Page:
Workplace Trends: The Manager’s Role in the Psychological Well-Being of Employees

a blog by Rachel Permuth-Levine, Ph.D., sr. director, research for toLive by Sodexo and Stephanie Andel, a Sodexo intern from Bradley University.
Feb 23, 2012 8:30 AM ET

The Manager’s Role in the Psychological Well-Being of Employees

Wellness in the workplace; what does that really mean? To answer that question, it is necessary to distinguish between the concepts of organizational well-being and psychological well-being. Organizational well-being involves a collective wellness within the organization that is driven by concepts such as collaboration, respect for diversity, and fairness. Psychological well-being, on the other hand, involves the wellness and health of specific individuals in the workplace. While organizational well-being is vital to the success of organizations, it is virtually impossible to attain without fostering psychological well-being among employees.

Richmond and colleagues (2006) explain that job-related stress and job dissatisfaction is evident in those who work in environments with little managerial support.  In fact, in a survey of over 90,000 employees, management’s interest in the well-being of employees was one of the main factors for motivation (Gallup, 2011). The question then becomes: how do we cultivate a workplace filled with enhanced psychological well-being? What can managers do to ensure that their employees are happy and healthy?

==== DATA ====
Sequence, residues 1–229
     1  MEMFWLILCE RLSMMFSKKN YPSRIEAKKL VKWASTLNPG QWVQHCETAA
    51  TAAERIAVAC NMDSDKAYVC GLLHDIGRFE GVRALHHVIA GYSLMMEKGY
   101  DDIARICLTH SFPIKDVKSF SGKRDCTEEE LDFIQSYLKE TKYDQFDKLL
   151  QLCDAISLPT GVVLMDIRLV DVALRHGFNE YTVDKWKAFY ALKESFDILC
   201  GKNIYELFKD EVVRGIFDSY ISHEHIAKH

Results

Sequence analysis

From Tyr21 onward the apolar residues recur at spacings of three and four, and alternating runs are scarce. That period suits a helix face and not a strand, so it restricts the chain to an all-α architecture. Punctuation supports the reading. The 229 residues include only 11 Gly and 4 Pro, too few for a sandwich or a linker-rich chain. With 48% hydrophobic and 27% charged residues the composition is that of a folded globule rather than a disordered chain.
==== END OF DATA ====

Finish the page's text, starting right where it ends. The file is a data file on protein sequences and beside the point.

There are many ways that managers can approach this issue. The 2012 Sodexo Workplace Trends Report outlines various methods in which management can focus upon employee wellness, such as (1) clearly stating expectations, (2) allowing flexibility in the workplace, (3) recognizing employees for their efforts, and (4) providing opportunities for personal development within the workplace can have a serious impact on employees’ motivation and job satisfaction.  All of these components tie into the psychological well-being of employees   Clearly Stating Expectations Gallup (2002) explains that basic health begins with employees simply knowing what is expected of them. It is important to make sure that expectations are clearly defined. This can enhance the credibility of the organization to the employee, and assures that employees will not have to spend so much time trying to figure out their basic duties and tasks.   Creating a Flexible Workplace Environment A flexible environment makes life a bit more manageable. Allowing employees to adjust work hours if necessary or to work outside of the office (may it be from home or the local coffee shop) will help so that one’s work experience is more manageable and realistic. In fact, a study recently conducted by Moen and colleagues (2011) demonstrates that a flexible workplace can enhance well-being through allowing employees to enjoy increased sleep and increased work/family balance. Therefore, as employees continue to battle the constant pressure of needing to fulfill other non-work responsibilities and demands, this extra flexibility will absolutely benefit employees.   Recognizing and Rewarding Employees for Their Efforts Interestingly enough, it is not just monetary rewards that will engage employees. Rather, providing rewards that will enhance employees’ lives outside of the workplace--such as tickets to a sporting event or free childcare for a night—can be just as beneficial. "Once the monetary and environmental needs of an employee have been satisfied - reasonable salary, physical comfort and security - other factors become important, such as the need for recognition, opportunities for development, creativity, and so on," notes Jennifer Tekin of Sodexo Motivation Solutions. "In the past 'carrot and stick' incentives worked towards organizational goal attainment. But today, using stress as a motivator is counterintuitive to aligning the workforce with the company's mission. Managers now focus on empowerment, flexibility, and well-being to achieve a culture of recognition and high employee engagement."     Fostering Employee Growth David Ballard, PsyD,  of the American Psychological Association explains that one other concept that is important to integrate into the workplace is providing opportunities for employees to gain new skills and grow in their career. If workers feel that they are “stuck” and that there is no chance for improvement, they are not likely to be as motivated to be productive. However, if employees are given opportunities for their personal growth and development within the company-- whether it is through opportunities to travel, attend seminars, or assignments to new tasks--they will have increased motivation to work hard and stay productive.   Ultimately, there is no “cook book” recipe for how to create a productive and satisfactory work environment. Each company exudes a very different culture and atmosphere, and therefore it is absolutely necessary to make wellness initiatives that are compatible with your specific corporation. Regardless of what these initiatives might be, however, there is no doubt that multiple ways exist in which supervisors can successfully foster psychological well-being in the workplace.